I’ve been working on the story for a comic and I’ve been getting rather frustrated at my lack of progress. Part of me wants to go ahead and start writing the script (definately won’t be the final version, but at least something more concrete) and another is afraid that if I do, I’ll not be able to return to the earlier planning stage. I’ve sort of experienced this before when I thumbnailed a comic up to where I’d left the script and then had an incrediblely hard time continuing the script. I suppose it comes down to a balancing act? (one side is moving your progress forward, and another side is doing more planning/preproduction stuff.) I’ve always been the more ‘timid/planning’ type person, so I suppose I’m learning now to just jump out of the nest sometimes, whether I think I’m ready to or not :)

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Chris Oatley

Thanks, Hayley!

I announced this back when ECCC first announced that it would be happening. So I don’t think I ever “hinted” at it since it’s been out there from the beginning. …but I have been hinting at many of the other fun things we have in the works at Oatley Academy. ;)

The planning conundrum you describe is shared by many (I’d guess most) storytellers.

Yes, there’s a point where you have to make a decision. You can’t keep your story “liquid” forever. …but that can be really scary if you don’t know where you’re going.

That said, even if you’re writing an ongoing series, I recommend having a strong, clear “armature” as ‘Invisible Ink’ author Brian McDonald says it: http://otly4.me/bmcdink

Also, here’s his first appearance on the Paper Wings Podcast. Amazing: http://paperwingspodcast.com/brian-mcdonald/

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Britny Arnett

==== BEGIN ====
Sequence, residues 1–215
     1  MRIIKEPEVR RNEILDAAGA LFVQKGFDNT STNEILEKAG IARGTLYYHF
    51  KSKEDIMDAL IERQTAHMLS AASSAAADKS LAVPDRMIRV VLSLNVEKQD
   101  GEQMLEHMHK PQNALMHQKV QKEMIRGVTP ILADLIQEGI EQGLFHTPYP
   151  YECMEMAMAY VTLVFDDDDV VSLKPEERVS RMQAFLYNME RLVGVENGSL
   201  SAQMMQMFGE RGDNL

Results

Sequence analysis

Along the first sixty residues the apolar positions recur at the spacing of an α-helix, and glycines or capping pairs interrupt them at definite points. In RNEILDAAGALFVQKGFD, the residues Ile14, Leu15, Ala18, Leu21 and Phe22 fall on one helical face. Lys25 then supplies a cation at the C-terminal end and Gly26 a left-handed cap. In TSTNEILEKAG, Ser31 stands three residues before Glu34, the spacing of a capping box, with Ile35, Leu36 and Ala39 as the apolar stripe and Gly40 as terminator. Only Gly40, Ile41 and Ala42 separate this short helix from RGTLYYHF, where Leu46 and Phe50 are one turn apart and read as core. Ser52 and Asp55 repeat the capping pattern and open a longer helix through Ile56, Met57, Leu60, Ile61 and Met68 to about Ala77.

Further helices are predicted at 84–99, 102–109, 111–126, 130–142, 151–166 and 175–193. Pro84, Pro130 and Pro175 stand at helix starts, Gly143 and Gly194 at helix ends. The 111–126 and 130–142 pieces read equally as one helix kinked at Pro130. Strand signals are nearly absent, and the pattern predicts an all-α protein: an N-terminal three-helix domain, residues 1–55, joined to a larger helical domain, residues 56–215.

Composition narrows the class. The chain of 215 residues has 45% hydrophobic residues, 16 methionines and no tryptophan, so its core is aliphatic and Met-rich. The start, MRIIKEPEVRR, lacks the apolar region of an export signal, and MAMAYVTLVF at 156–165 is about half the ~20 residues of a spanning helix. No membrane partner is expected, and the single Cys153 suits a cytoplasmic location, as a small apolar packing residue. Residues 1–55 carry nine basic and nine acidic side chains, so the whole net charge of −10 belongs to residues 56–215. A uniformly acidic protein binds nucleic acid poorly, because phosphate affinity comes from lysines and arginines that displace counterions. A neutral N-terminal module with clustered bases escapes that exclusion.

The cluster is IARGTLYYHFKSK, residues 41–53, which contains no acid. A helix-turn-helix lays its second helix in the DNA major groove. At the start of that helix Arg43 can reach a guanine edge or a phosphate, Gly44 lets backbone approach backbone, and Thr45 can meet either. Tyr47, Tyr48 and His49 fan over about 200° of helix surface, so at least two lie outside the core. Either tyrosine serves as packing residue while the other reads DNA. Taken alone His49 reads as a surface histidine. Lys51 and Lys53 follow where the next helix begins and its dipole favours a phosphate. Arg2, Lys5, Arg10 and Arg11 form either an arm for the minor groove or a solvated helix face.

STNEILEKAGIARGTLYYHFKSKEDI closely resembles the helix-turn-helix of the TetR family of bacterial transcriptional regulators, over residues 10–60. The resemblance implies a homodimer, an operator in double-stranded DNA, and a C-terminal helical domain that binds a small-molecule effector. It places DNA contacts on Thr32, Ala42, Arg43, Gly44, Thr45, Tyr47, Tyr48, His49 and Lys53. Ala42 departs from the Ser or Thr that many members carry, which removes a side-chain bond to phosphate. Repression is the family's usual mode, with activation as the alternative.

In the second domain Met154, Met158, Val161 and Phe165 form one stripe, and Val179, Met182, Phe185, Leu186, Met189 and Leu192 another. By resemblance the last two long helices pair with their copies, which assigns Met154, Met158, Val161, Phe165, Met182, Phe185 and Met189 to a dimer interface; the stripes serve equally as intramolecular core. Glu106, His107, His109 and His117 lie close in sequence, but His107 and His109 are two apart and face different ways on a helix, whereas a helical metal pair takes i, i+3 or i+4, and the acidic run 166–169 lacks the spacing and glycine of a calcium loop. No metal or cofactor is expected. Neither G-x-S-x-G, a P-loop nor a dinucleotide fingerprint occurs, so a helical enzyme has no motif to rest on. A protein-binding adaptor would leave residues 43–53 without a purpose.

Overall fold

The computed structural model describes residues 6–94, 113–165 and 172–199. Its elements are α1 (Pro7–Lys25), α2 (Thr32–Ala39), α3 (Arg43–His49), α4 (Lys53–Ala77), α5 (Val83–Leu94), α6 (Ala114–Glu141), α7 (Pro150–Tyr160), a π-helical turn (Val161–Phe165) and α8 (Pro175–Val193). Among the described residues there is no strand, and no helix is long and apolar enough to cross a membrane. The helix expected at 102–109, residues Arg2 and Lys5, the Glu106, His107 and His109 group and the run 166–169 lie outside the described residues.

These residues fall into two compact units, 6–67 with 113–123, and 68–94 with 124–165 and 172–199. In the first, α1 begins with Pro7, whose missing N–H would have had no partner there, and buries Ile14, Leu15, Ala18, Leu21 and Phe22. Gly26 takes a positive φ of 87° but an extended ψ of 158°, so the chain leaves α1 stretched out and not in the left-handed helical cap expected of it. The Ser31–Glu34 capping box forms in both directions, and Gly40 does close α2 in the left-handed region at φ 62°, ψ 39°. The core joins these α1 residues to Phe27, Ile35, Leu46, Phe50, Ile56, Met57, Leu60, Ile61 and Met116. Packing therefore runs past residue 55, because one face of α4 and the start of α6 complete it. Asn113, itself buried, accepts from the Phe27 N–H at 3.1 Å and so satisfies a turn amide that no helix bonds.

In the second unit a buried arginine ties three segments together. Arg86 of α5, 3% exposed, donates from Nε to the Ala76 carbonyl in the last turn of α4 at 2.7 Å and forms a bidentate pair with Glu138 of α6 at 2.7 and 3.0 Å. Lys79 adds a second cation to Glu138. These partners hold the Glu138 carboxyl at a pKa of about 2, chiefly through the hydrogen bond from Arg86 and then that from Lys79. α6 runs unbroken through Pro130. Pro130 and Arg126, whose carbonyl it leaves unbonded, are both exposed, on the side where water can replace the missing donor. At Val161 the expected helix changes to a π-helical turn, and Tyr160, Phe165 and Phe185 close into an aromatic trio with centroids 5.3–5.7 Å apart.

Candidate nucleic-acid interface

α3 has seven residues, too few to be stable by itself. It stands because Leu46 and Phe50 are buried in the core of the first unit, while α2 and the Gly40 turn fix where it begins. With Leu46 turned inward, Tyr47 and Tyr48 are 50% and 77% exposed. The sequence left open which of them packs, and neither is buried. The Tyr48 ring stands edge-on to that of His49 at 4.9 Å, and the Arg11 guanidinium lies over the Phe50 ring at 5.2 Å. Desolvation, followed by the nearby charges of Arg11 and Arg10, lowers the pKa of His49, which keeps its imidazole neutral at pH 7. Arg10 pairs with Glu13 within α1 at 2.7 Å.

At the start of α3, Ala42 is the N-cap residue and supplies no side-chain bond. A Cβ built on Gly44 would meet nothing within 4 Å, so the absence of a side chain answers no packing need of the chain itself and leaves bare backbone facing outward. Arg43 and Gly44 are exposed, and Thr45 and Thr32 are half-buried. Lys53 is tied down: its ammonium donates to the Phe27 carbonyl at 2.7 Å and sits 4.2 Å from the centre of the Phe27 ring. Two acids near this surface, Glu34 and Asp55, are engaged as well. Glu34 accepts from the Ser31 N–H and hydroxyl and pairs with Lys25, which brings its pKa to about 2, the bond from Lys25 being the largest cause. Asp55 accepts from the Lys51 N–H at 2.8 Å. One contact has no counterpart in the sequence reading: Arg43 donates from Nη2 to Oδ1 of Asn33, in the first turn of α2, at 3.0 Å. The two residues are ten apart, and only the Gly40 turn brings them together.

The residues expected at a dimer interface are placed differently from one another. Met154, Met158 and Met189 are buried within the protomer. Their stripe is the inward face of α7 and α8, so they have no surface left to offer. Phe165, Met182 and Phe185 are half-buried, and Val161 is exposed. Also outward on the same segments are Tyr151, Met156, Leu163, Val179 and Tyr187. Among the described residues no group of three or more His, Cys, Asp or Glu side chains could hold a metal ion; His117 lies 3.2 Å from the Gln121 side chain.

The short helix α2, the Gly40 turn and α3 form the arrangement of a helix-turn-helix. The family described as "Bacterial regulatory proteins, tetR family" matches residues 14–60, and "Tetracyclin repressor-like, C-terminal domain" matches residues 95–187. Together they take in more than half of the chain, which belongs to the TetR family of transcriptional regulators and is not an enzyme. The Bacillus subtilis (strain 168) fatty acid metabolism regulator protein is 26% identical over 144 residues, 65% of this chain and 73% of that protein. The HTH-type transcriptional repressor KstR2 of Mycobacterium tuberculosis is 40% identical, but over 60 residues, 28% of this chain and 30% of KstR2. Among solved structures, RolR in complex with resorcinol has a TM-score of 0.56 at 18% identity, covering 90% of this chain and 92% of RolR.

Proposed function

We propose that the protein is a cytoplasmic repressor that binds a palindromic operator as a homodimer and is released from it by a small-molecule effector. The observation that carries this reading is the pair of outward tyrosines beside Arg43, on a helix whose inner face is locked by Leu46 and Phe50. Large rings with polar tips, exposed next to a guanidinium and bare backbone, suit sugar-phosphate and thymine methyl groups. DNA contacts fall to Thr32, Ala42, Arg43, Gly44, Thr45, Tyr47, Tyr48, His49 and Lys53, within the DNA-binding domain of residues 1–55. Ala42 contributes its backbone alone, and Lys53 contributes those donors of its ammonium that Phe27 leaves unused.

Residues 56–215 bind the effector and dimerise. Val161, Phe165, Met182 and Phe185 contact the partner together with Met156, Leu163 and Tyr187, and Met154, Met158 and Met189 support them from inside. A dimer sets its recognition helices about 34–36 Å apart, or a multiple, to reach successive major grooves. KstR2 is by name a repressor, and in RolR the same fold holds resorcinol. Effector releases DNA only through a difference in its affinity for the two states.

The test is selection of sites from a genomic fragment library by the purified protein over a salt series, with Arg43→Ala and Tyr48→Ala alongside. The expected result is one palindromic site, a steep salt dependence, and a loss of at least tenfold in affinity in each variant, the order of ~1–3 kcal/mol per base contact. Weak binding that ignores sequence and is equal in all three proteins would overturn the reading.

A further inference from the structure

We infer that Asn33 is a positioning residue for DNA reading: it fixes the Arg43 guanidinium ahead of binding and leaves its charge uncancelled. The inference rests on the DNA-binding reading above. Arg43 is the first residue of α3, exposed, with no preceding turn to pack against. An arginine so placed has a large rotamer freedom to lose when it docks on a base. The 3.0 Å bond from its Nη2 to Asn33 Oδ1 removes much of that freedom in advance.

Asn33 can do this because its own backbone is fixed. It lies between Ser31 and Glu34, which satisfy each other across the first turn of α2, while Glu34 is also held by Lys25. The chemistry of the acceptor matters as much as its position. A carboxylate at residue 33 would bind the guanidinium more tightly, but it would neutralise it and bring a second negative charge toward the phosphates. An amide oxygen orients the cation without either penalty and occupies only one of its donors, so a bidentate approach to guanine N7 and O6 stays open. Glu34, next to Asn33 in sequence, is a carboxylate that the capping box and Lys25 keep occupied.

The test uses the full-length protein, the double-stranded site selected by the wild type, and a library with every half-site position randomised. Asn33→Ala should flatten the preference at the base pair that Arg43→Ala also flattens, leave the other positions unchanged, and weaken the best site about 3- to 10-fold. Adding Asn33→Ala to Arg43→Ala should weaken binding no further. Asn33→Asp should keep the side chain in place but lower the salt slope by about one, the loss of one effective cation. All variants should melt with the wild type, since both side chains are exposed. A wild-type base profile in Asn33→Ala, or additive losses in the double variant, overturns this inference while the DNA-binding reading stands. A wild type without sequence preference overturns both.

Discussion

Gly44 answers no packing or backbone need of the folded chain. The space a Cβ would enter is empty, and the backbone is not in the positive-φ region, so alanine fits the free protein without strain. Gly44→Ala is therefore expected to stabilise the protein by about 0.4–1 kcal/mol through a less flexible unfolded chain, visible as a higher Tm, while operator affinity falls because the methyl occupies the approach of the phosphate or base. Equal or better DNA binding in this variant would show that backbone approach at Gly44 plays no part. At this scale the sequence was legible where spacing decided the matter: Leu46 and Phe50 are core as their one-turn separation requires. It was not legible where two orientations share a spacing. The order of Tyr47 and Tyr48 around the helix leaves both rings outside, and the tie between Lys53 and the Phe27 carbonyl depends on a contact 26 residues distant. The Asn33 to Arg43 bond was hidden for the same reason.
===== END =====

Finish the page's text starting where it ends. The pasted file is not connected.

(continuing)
This is the BEST thing since sliced bread! Holy cow. Talk about inspirational pep talk. Wow!

I want to talk about the part where they discussed watching bad movies. My husband and I thought it would be funny to watch one of the ripoff movies. The one we watched was Legend of the KungFu Bunny. And we lasted 20 minutes. It had so many flaws. Then we watched the 20 minute Christmas special of KungFu Panda. It was so much better.

I never once took a pencil and wrote it all down and thought about how to fix the bunny movie. I’m definitely going to do that now! What a great date night idea! Thank you for posting this, Chris!

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Britny Arnett

I just realized I missed answering the question about getting lost during the story process. The answer is yep. I have a part in my story where one of my characters just made no sense. I had no idea what part he really played in the armature. I spent last weekend restructuring his character and his motives. I drew a chart of emotions and motives for my protagonist, which really helped determine where I had strayed. So. Yup.

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Mandy Milliron

I know how that feels with getting lost in story telling. But, I ended up stuck from being away from the story so long that I lost forgot the story. One of the downsides of the time eater known as college. Hence why I don’t want that to happen with future stories. However, I am finding Jim Zub’s blog very helpful right at this minute! I am using his “Rambling About How I Write Comics” blog posts to help me out with my fan-comic one-shot script as I realize the reason I having issues was I was I hadn’t planned out pacing as well as I should have. Though, I am going to apply all my stories to what he explained in his blog posts.

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Hannah Spangler

This was so encouraging, and I watched it at a good time. I know I’m one in hundreds of thousands of people who want their stories to be known and loved, and it means a lot that you guys would encourage us to do these things. Because I understand that their are PLENTY of artists and writers who want to tell a story, but only a handful have the passion and emotional investment to complete a wonderful and engaging story.

I want to be that person SO badly. I have a story now, that I’ve been emotionally invested in for a couple years (almost it’s 3rd anniversary since its conception) and I’ve begun script writing it for a future web comic/graphic novel. I was afraid it wouldn’t be a big hit, but watching this ArtCast lifted my spirits!